Desperately Seeking Condoms in Toronto

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Desperately Seeking Condoms in Toronto

Naina Dhingra

Naina Dhingra is the Director of International Policy at Advocates for Youth and serves on the Developed Country NGO Board Delegation of the Global Fund.

Throughout the International AIDS Conference, I've repeatedly heard about how the U.S. government is the largest buyer of condoms. Yet, at the same time, youth and people from PEPFAR countries kept telling me that, back home, access to condoms is a major issue. So where exactly are the condoms? Well, after a week at the conference in Toronto, I've decided that all the condoms are clearly right here. Over the week, I've amassed a sizable collection of at least 75 different types of condoms in all different colors and packaging. My favorites have been the goodies from UNFPA and MTV. UNFPA packaged a male and female condom together in brightly colored pouches usually used to carry jewelry. The MTV Staying Alive initiative packaged them in pocket containers, like the kind that carry mints, and gave them out at last night's premier party of their 48fest films - their project where young people were given cameras to develop films about AIDS in 48 hours.

So what seems to be the issue? If hundreds of thousand of condoms can get to Toronto, why aren't they getting to young people in PEPFAR countries? Is the U.S. government so stuck on the myth that condoms will actually cause young people to have sex?


Naina Dhingra is the Director of International Policy at Advocates for Youth and serves on the Developed Country NGO Board Delegation of the Global Fund.

Throughout the International AIDS Conference, I've repeatedly heard about how the U.S. government is the largest buyer of condoms. Yet, at the same time, youth and people from PEPFAR countries kept telling me that, back home, access to condoms is a major issue. So where exactly are the condoms? Well, after a week at the conference in Toronto, I've decided that all the condoms are clearly right here. Over the week, I've amassed a sizable collection of at least 75 different types of condoms in all different colors and packaging. My favorites have been the goodies from UNFPA and MTV. UNFPA packaged a male and female condom together in brightly colored pouches usually used to carry jewelry. The MTV Staying Alive initiative packaged them in pocket containers, like the kind that carry mints, and gave them out at last night's premier party of their 48fest films – their project where young people were given cameras to develop films about AIDS in 48 hours.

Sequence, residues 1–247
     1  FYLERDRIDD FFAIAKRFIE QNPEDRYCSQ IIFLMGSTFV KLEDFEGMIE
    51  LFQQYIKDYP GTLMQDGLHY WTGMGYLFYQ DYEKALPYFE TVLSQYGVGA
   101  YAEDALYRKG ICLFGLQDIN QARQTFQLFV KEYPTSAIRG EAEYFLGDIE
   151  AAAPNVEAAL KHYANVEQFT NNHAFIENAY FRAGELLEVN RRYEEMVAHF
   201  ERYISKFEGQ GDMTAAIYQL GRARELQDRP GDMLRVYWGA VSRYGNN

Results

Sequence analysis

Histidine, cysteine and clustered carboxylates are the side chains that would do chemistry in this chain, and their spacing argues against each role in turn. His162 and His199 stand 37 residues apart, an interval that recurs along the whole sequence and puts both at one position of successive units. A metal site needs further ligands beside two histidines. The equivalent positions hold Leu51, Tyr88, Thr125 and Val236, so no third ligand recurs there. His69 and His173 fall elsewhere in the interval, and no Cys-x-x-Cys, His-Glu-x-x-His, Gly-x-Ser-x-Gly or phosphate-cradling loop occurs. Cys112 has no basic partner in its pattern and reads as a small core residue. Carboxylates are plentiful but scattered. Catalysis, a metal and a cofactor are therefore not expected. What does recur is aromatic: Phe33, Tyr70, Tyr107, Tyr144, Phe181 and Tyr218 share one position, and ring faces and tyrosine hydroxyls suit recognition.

So what seems to be the issue? If hundreds of thousand of condoms can get to Toronto, why aren't they getting to young people in PEPFAR countries? Is the U.S. government so stuck on the myth that condoms will actually cause young people to have sex? That's right; one look at that sexy foil wrapper and caution gets thrown to the winds. Never mind all the research showing that condom availability programs do not increase sexual activity, condoms cause sex. Just like umbrellas cause rain.

Seriously, while it may sound like the U.S. is buying condoms for the world, it's really just a drop in the bucket to the overall need. In 2004, donor governments provided just under 4 male condoms per man per year to the developing world. Four male condoms a year, per man? Sounds incredible, doesn't it?

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What's worse, the U.S. approach of segmenting condom programs only for sex workers or other "high risk" populations demonizes condom use for youth. So the amount of condoms the US provides becomes useless if people don't believe they work. In a session yesterday titled "ABC in Africa- What's the Evidence?" Barbara Ann Kenyon reported on her assessment of the situation in Nelspruit, South Africa based on her work with adolescent boys. Her presentation, "ABC- Africans non-solutions," gave startling information about how young men viewed condoms. They believed that, "Condoms are deadly devises that carry the disease." Lubricant is seen as "HIV worms" when filled with warm water. Most telling though is the view that condoms are for prostitutes and that if one asks for a condom, they will be seen as a prostitute. This further emphasizes the need to repeal the abstinence-until-marriage earmark from PEPFAR.

One thing I have noticed, though, is that the fake Latin thing is getting taken a little far with Trojan's slogan: "Condom Thinimus, Protection Maximus." So I've come up with some suggestions:

"Condom Educatus Smartust Est." No brainus!

"Abstinence in Theorum, Conceptus in Practicus."

Or maybe a new slogan for the Bush Administration: "Ideologicus triumphus Scientatus."

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Toronto AIDS Conference